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Monday, December 16, 2013 - 07:00

Are These Market Indicators Signaling Trouble Ahead?

Monday, December 16, 2013 - 7:00am

With just a couple of weeks left in the year, the stampeding bull is starting to wheeze.

Ever since investors celebrated the recent monthly employment report with a nearly 200-point surge in the Dow, the trading mood has turned darker. The market is fell roughly 2% last week, the biggest weekly fall since mid-August.

And even as the major indices still trade near their all-time highs, several technical indicators are flashing red. They may just be sign to tread with caution, or a harbinger of a broader market reversal. That's why some leading traders suggest a tight grip on stop-loss orders. Placing a stop-loss limit order roughly 5% to 10% below current prices can provide a lot of peace of mind.
Here's a closer look:

1. Surging New Lows ​
One of the most remarkable aspects of this year's bull market has been its breadth. So many stocks have rallied, and only the absolute duds have fallen sharply. In fact, the number of stocks on the NYSE hitting new 52-week highs has handily outpaced the number of new lows all year long. But that's changing.

On the Friday after Thanksgiving, new highs on the NYSE outnumbered new lows 12 to 1. Now, that relationship has flipped. More than 220 stocks on the NYSE hit fresh 52-week lows on Thursday, the highest number of 2013.

Why does this matter? Because if the broader market falls further, in tandem with these rising new lows, it will be a "bearish confirmation" that even more market weakness lies ahead.​

2. A Rising 'Fear Gauge'​
The 2013 bull market has been characterized by a complete lack of concern about a pullback. The VIX, a measure of expected market volatility, has plunged to lows not seen in years. As I noted a month ago, some ETFs that focus on the VIX were posting absolutely disastrous returns this year.

But as the Federal Reserve gets set to throttle back on its massive quantitative easing (QE) program, this fear gauge is slowly rebounding. Even as the market hit fresh new highs on several occasions in recent weeks, some investors are growing nervous.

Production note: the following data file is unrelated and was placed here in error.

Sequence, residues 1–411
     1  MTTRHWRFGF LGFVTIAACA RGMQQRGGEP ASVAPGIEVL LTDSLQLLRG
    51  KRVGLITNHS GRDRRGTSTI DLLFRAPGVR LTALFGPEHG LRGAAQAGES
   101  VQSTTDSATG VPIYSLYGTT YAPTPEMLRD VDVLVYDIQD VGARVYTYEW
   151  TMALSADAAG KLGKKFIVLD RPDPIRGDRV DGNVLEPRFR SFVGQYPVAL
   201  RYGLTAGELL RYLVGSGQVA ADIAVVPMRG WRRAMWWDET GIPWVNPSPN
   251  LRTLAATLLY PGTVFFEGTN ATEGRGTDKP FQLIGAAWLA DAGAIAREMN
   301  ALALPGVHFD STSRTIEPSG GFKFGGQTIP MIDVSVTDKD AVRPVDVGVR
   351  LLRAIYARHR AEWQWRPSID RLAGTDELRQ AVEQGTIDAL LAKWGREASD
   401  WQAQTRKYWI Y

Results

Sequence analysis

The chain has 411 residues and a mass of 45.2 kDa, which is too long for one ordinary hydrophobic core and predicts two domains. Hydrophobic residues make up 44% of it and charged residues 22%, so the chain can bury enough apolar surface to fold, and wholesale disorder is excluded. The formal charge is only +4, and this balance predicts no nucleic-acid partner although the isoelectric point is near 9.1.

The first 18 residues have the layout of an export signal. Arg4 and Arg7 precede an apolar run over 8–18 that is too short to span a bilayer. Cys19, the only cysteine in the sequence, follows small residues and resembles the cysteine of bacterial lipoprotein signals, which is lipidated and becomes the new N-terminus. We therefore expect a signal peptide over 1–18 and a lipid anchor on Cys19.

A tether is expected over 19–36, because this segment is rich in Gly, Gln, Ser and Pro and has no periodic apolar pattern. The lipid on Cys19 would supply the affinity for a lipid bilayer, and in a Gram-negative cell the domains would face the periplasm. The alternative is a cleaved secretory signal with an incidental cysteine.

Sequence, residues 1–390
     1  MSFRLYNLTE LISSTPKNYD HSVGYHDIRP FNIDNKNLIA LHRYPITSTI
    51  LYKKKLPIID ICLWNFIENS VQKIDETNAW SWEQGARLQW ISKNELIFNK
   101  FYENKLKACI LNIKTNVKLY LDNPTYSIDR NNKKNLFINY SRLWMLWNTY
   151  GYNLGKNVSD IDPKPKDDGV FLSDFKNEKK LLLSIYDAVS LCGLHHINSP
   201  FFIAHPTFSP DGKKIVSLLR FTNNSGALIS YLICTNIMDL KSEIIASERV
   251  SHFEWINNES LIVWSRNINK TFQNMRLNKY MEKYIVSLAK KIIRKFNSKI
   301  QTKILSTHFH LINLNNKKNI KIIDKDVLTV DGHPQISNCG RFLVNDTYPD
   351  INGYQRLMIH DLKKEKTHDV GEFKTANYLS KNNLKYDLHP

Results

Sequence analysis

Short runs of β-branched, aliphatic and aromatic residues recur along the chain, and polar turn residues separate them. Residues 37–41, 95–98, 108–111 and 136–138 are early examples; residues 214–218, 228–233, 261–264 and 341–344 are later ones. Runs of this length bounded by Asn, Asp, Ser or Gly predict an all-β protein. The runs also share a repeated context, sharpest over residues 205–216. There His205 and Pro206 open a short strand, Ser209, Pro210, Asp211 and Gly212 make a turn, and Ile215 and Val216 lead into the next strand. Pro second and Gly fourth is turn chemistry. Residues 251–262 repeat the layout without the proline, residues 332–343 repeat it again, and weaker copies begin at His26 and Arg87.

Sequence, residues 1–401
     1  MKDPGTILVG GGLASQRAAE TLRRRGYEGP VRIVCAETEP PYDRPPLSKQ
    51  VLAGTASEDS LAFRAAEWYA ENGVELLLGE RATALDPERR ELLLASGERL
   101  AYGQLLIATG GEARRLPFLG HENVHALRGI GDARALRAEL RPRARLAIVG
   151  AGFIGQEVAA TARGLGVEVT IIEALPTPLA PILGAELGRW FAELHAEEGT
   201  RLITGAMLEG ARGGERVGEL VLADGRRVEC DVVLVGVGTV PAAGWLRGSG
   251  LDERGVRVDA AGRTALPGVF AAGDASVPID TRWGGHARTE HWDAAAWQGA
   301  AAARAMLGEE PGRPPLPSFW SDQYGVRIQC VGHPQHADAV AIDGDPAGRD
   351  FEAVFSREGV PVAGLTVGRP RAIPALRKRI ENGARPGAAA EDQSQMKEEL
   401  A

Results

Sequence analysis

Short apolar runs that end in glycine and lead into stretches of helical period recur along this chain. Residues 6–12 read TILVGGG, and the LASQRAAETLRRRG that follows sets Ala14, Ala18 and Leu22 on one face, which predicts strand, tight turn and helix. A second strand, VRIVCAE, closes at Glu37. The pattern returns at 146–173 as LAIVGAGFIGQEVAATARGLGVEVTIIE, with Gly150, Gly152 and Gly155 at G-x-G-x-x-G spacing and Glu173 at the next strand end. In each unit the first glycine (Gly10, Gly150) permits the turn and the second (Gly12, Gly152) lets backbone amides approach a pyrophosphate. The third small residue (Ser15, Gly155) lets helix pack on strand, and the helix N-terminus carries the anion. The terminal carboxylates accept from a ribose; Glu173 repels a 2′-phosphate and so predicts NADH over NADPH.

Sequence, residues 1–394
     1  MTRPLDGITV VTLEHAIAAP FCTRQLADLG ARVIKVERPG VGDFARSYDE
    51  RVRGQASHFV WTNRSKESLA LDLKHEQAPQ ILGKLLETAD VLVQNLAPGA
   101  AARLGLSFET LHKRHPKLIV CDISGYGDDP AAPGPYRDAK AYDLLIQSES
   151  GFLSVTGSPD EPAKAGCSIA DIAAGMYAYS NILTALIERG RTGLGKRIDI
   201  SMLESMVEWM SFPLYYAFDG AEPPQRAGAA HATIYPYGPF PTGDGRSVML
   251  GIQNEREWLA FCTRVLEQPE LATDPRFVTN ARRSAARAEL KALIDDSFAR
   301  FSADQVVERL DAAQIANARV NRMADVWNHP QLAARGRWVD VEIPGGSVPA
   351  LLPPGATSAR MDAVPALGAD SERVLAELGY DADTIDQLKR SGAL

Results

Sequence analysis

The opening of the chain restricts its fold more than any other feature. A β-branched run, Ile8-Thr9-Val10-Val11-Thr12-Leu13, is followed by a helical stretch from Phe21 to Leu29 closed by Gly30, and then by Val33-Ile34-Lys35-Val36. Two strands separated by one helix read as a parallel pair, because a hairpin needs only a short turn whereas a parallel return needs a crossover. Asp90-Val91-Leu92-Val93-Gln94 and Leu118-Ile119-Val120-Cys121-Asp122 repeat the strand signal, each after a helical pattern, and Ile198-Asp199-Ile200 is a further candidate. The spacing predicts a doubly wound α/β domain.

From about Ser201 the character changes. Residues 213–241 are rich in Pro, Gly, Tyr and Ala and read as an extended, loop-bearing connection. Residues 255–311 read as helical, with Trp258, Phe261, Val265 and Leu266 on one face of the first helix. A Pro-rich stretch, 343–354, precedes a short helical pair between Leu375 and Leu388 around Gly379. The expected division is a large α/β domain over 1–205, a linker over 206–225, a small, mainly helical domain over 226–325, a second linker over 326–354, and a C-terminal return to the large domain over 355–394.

To be sure, the VIX has spiked up several times this year, only to recede when the market marched higher. But it has never at any point moved above 21 this year, which makes that a useful price point to watch for the VIX. If it breaks through that level, then a bold market reversal may be at hand. ​

3. Uncomfirmed Highs With The MACD​
As the S&P 500 Index kept touching new all-time highs in November, a troubling technical trend emerged. This index's MACD (Moving Average Convergence Divergence) reading began to turn south. MACD is derived from a complex calculation, and as that explanation notes, "If the main line crosses the trigger line from above, this is a sell signal."

Well, that's what is happening now. The transition began around Nov. 18, even as the S&P 500 was poised to break new highs on a few more trading days. This divergence has grown in recent sessions, which is seen as a troubling technical sign of a market losing momentum.

4. Too Much Optimism​

The mood of individual investors can often be seen as a contrarian indicator. At times of maximum bearishness, the markets tend to rally, as I noted in a recent column.

And it's equally concerning when stocks are being loved too much. According to the most recent sentiment survey by the American Association of Individual Investors (AAII), the eight-week moving average of bullishness has hovered in the 42 to 43 range, which is the highest it's been for that length of time since the start of 2013.

The logic is simple. When investors are quite bullish, they already have much of their money already in the market, and there is little buying power in reserve. (The converse, when sentiment is bearish, means a lot of cash is ready to go to work in the market).

To be sure, these aren't euphoric times. Investors are cognizant of the challenges. But to repeat my favorite Warren Buffett quote, "Once you reach the point where everybody has made money no matter what system he or she followed, a crowd is attracted into the game that is responding not to interest rates and profits but simply to the fact that it seems a mistake to be out of stocks." And if that explains why investors are bullish, then you should be concerned.

8-week moving average of investor bullishness

Source: AAII

Risks to Consider: As an upside risk, market direction comes from money flows, and the increasingly bright U.S. employment picture could lead more investors to deploy excess savings into the market as confidence grows.

Action to Take --> The number of stocks hitting new lows is especially troubling. It implies that many stocks are not enjoying the market party that has been underway for several years. If the troops aren't following the generals, then it's hard to conquer new heights. As I mentioned, stop-loss orders slightly below current prices can provide a lot of peace of mind.

P.S. Are you terrible at knowing when to sell? You're not the only one. Fortunately, a former trust fund manager created a two-part blueprint that reveals when to sell... and when to buy. It's been 85% accurate for over four years -- and just closed out a 70% gain. Click here to access it now.

David Sterman does not personally hold positions in any securities mentioned in this article.
StreetAuthority LLC does not hold positions in any securities mentioned in this article.